Introduction

Under the Kyoto Protocol, the European Union has committed itself to reducing its greenhouse gas emissions by 8% compared to the base year 1990 in the period 2008-2012.  To reduce emissions of these F-Gases, the Regulation (EC) No 842/2006 on certain fluorinated greenhouse gases (F-Gas Regulation) was adopted on 17 May 2006.

 

F-Gas Regulation

The aim of the F-Gas Regulation, regulation (EC) No 842/2006, is to reduce emissions of fluorinated greenhouse gases through:

  • Better containment of F-Gases in their applications;
  • Recovery of F-Gases from products and equipment reaching their end of life;
  • Training and certification of technical personnel and companies working with F-Gases;
  • Reporting of production, import and export data within the EU;
  • Labelling of certain products and equipment containing those gases;
  • Prohibition of placing on the market some products containing F-Gases and the control of use in some specific applications.

Containment

This Article covers refrigeration, air-conditioning (including heat pumps, etc.) and fire protection units.
All persons responsible for emissions are required to take all measures that are technically and economically feasible to prevent and minimize leakages;
A periodical check by certified personnel (Art. 5) is required, with the following frequency, depending on the quantity used:

  • (a) 3 kg or more : at least once every 12 months – except for hermetically sealed systems containing less than 6 kg;
  • (b) 30 kg or more : at least once every 6 months (12 months with an appropriate leakage detection system);
  • (c) 300 kg or more: at least once every 3 months (6 months with an appropriate leakage detection system – which is anyway mandatory).

For 300 kg or more units, leakage detection systems must be checked at least once every 12 months.  In the case of fire protection systems installed before 4 July 2007, leakage detection systems must be installed by 4 July 2010.

For all units containing more than 3 kg F-gases a log book must be kept, indicating the quantity and type of product, quantities added when necessary, and the quantity recovered during servicing, maintenance and final disposal.

 

An example of logbook has been developed in collaboration with EPEE to help you to comply with the reporting requirements of the F-gases legislation.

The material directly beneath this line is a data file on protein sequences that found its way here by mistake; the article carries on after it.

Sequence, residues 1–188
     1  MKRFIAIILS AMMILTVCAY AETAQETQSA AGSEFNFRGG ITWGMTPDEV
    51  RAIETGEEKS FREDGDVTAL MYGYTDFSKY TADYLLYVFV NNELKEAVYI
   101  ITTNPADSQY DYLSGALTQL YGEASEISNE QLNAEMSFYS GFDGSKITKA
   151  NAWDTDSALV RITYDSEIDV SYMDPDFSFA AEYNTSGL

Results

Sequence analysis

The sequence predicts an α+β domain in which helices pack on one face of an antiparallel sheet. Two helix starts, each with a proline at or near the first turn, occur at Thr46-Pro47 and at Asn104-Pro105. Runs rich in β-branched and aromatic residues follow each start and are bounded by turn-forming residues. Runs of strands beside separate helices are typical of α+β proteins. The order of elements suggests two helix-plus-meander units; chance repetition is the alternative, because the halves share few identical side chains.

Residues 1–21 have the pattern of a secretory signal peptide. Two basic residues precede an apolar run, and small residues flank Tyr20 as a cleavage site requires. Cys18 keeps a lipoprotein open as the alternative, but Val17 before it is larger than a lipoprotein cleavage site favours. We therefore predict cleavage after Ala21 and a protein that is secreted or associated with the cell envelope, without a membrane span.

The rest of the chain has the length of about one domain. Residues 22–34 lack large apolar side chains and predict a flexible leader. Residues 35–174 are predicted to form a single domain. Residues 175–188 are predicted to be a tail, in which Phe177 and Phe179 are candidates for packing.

http://www.figaroo.org/en/index.php?page=tools

 

Other relevant information is also requested, like the identification of the servicing company or technician, dates and results of the checks.
http://www.fluorocarbons.org/en/debate/regulatory_developments/f_gas_regulation.html


Standard leakage checking requirements for stationary refrigeration, air conditioning and heat pump equipment containing certain fluorinated greenhouse gases can be found in commission Regulation (EC) No 1516/2007.

Labelling

Since 1 April 2008, a manufacturer or importer who places F-Gas-based solvent containers on the EU market is obliged to label them. The label is an important source of information to find out if the equipment is covered by the F-Gas Regulation and which requirements apply. Specific requirements for Member States may entail labelling in a Member State’s language.

The label must contain at least the type and quantity of the F-Gas in the container and the sentence: “Contains fluorinated greenhouse gases covered by the Kyoto Protocol”.

This include refrigeration and air-conditioning products and equipment (other than those fitted to vehicles), heat pumps, fire protection systems and containers. The form of labels and additional labelling requirements as regards products and equipment are established in commission Regulation (EC) No 1494/2007.

Staff training and certification

Member States has established certification and training programmes for personnel involved in leakage inspections and the recovery, recycling, reclamation and destruction of fluorinated gases. These programmes must comply with the minimum requirements and conditions laid down by the Commission.

 

Progress report on EU emissions

All EU Member States, except Cyprus, Portugal and Spain have significantly reduced their emissions while their economy grew strongly between 1990 and 2008. Strong economic growth but decreasing emissions were in particular observed in the Member States in Central and Eastern Europe, due to the transformations of the inefficient heavy industry based manufacturing sector.